At modern high-tech conferences, many in the audience go online, and stay online during the presentations. To facilitate this, conference organizers often provide wireless networking, and extension cords for laptop power. There is strong disagreement as to whether this A Good Thing or Appalling Discourtesy. I have observations both from in the audience and on the stage.
At many technology conferences, there is an IRC channel for discussion of the conference and the sessions. At particularly bleeding-edge events, there will be two screens behind the speaker; one displaying the visual aids, the other the IRC channel. I found this particularly weird when I was speaking at last summer’s RubyKaigi in Tokyo and the IRC screen was in Japanese, so I couldn’t tell what they were saying about me.
History · The single greatest influence on my technical career was Gaston Gonnet, who was one of the Directors of the New Oxford English Dictionary Project at the University of Waterloo, where I was on research staff. To the extent that I have any depth of understanding about how computer programs work and how they should be built, I owe it to him. We had regular project meetings; at about half of them, he’d show up with some jottings in a notebook and say “I have an idea” and lots of times it’d be wild and weird and wonderful.
We used to host the odd conference and attend others, and one time Gaston said something like this to me: “You know, I get some of my best ideas at conferences, sitting in the audience. You have to be quiet and think about the subject, and your brain goes off in useful directions.”
I think this anecdote could be introduced as evidence by both sides of the argument.
In the Audience · When I’m in the audience, I’m 100% in favor of connectivity. At the very best conferences I go to, there are a very small proportion of speakers who saturate my ability to listen and think. It’s a fine thing when it happens, but it doesn’t happen that often. I know this is true, and here’s how. First, there are a few speakers who make me just shut the computer and listen (most don’t).
For the ones who don’t, quite a few of them are still worth listening to, only I want to check for hot emails at the same time, or run some test-cases on misbehaving code, or do a little photo-editing of yesterday’s snaps. And then I find myself disagreeing or puzzled and raising my hand (for the kind of event where you can do that) and getting into dialogue with the speaker.
Then there’s the kind of talk where I suddenly realize that I’ve missed the last ten minutes because the Internet was more interesting than the speaker.
How many of these are good outcomes, do you think?
From the Stage · It’s painfully obvious that there are quite a few speakers who don’t really pay attention to what’s happening in the audience, which to me says don’t really care how good their performance is. I’m not one. When I give a speech and the crowd is responsive and engaged, I walk away on top of the world, especially when they push back; when they tune out, I’m crushed. I have no trouble at all telling which of the two is happening, and in what proportion of the people facing me. I don’t think anyone who actually looks at the individual people in the audience could avoid knowing how they’re doing.
And I love having the IRC channel on display. It helps me learn what’s working and what’s not, and it gives you lots of chances to crack a first-rate joke based on something in the chat-room.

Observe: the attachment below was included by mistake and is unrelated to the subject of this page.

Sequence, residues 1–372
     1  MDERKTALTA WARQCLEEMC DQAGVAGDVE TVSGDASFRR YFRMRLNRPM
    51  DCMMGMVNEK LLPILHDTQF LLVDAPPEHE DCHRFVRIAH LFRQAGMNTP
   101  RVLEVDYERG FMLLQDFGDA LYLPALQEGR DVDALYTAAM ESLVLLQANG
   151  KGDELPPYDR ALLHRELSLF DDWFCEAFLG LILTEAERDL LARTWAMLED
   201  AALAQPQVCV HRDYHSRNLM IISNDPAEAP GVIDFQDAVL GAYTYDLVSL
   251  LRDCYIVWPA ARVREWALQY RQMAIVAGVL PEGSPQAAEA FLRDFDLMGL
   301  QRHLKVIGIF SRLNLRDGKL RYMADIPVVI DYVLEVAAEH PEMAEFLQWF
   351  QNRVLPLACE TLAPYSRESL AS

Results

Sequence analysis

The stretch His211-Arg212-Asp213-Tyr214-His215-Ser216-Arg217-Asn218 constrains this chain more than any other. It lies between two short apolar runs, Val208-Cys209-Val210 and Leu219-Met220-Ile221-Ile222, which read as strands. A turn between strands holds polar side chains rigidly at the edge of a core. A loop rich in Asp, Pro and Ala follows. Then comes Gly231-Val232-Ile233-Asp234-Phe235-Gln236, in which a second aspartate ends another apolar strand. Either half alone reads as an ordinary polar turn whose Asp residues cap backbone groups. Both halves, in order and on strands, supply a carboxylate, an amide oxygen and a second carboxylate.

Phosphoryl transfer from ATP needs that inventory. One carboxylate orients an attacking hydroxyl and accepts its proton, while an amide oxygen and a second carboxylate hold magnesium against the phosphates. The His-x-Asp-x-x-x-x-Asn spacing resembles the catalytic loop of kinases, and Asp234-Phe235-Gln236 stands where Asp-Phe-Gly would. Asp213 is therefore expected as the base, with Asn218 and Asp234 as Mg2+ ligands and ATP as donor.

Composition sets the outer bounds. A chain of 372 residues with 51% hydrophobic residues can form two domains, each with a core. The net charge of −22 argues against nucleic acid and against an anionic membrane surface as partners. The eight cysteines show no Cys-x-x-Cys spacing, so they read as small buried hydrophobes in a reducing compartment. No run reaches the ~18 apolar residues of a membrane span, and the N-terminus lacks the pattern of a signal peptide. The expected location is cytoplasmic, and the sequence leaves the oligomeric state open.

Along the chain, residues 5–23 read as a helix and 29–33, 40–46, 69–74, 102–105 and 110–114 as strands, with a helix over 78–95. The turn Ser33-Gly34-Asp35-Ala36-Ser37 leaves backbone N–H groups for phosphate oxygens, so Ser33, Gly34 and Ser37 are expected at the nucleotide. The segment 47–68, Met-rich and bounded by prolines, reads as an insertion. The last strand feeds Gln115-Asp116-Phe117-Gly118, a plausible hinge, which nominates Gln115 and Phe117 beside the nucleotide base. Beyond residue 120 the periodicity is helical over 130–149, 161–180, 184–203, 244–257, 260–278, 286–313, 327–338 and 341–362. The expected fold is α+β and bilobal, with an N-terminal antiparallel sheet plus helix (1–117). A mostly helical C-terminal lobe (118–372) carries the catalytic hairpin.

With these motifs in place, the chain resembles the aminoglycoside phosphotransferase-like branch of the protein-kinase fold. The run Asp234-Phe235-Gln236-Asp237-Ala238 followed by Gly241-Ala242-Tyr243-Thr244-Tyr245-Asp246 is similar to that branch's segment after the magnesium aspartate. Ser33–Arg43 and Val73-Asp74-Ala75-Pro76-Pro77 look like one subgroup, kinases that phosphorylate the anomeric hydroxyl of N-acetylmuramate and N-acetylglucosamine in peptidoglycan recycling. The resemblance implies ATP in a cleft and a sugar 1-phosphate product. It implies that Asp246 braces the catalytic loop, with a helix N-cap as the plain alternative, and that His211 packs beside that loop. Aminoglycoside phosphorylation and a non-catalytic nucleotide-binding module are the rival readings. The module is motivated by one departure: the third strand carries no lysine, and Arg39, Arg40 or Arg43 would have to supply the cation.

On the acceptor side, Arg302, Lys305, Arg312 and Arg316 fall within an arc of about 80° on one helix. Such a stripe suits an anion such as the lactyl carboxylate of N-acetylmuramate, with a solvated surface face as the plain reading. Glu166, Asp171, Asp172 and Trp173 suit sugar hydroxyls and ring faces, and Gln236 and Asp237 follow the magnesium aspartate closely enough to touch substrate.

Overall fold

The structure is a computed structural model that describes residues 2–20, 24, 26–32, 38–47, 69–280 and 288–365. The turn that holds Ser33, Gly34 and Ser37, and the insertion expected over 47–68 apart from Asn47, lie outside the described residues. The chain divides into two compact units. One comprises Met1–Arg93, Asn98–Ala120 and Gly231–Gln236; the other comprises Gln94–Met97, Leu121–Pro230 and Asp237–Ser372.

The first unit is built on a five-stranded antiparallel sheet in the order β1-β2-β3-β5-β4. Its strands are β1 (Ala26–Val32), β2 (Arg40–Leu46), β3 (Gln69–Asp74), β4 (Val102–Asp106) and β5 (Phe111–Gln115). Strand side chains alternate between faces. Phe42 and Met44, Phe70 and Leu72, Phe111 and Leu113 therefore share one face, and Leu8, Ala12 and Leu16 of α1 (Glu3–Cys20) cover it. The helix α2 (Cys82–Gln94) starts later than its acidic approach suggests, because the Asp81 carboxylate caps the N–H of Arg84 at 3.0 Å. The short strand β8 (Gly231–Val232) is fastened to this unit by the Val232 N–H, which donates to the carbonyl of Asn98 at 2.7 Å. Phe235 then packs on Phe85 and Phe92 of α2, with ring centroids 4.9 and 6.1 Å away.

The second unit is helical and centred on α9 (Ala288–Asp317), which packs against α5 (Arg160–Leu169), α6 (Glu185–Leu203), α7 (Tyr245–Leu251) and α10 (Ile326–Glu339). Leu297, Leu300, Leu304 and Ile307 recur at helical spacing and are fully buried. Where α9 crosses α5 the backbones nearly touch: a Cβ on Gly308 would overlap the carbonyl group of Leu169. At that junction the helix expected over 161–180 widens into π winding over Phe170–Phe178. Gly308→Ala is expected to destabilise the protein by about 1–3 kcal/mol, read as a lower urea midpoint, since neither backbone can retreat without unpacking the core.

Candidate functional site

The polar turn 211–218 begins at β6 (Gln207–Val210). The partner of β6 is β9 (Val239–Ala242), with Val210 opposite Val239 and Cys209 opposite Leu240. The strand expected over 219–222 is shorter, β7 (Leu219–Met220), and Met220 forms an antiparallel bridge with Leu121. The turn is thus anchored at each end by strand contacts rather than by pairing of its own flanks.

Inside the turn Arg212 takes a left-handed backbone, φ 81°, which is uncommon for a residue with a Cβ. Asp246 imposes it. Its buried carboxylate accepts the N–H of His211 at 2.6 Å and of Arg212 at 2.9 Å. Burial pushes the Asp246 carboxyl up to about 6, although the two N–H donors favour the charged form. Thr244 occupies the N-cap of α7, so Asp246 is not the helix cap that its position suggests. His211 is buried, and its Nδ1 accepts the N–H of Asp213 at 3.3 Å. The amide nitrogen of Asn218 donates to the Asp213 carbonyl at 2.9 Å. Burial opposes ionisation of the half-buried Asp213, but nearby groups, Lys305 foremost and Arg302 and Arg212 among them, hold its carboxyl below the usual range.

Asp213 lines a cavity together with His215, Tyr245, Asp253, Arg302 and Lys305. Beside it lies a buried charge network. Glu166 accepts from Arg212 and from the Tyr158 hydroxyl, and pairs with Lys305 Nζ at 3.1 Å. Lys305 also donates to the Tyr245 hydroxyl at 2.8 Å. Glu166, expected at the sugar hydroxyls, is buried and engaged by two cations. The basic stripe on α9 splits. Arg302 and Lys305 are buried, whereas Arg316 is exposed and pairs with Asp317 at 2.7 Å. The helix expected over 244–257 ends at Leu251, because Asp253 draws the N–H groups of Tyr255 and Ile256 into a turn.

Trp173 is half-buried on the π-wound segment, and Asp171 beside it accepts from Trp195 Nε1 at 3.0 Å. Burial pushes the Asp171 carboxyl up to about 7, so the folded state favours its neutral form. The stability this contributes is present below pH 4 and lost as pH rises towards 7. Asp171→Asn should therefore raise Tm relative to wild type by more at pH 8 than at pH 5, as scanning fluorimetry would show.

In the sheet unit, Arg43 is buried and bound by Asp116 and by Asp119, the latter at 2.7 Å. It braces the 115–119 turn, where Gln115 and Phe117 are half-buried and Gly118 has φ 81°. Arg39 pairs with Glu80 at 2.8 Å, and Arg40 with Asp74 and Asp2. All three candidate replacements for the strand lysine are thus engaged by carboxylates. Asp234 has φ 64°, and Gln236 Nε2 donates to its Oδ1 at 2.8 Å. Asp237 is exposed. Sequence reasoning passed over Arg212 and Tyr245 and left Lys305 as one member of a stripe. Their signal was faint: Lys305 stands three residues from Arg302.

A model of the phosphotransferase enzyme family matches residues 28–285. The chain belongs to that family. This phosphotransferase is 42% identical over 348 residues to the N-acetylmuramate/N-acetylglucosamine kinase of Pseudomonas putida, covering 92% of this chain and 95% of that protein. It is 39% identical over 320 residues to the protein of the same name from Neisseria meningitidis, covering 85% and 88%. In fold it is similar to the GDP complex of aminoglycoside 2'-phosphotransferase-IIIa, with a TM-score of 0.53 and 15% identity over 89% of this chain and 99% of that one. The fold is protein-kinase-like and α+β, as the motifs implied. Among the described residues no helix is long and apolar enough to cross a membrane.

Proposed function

In my experience, how well I do is a function of how much I care, and of how well I’ve prepared. Not how much, how well; I struck out on a couple in the last year because I worked up passionate, erudite, and exhaustive talks on issues they just didn’t care about.
I haven’t noticed any correlation between how well I do and whether the laptops are open when I start.
Entitlement · The people who think that their audience being Internet-enabled is a bad thing tend to say things like “Being online while someone’s speaking is appallingly rude and arrogant. They’ve gone to the trouble of submitting a talk and getting it accepted and they’re entitled to your attention.”
It’s Over · I’m sorry; the traditional conference mode of discourse, where you sit in rows in the dark and shut up and listen, it’s just over. Did I mention that every respectable geek conference now has wireless and extension cords? That’s because the audience demands it. The Audience, near as I can tell, by and large doesn’t believe that because someone got a talk accepted, they’re entitled to anyone’s undivided attention.
And let’s be brutal: at most conferences, there are two ways to get a talk accepted: submit an interesting talk, or bribe the conference organizer. Oops, sorry: I meant “be a platinum sponsor”. The conference business is in many cases deeply corrupt and thus willing to put an airhead droid in front of paying attendees assuming the airhead’s employer will front up the cash.
Well, these days, fuck the airhead droid. I got a laptop and a connection, I’m gonna tune out unless what’s coming off the stage is relevant to my experience, and I am the only competent judge of that.
Thought Experiment · You’ve got several hundred mostly really smart people in a room. What’s the best use of their time? Passive listening or active discussion? Seems obvious to me. Unconferences, Open-space meetings, once you’ve been to one or two you’ve just had it with this crap about sitting in the dark facing forward and shutting up. Participation is good. Being spoon-fed isn’t participation. 3½ minutes of questions from someone else after a 45-minute pitch isn’t participation. Silencing all the parts of your mind that aren’t being engaged by the speaker isn’t participation.
Conclusion · In the audience, I ain’t closing my laptop. When I’m on the stage, it’s my job to send ’em away happy. If my mojo’s working, the Internet won’t get in the way. If it’s not, banning laptops won’t save me.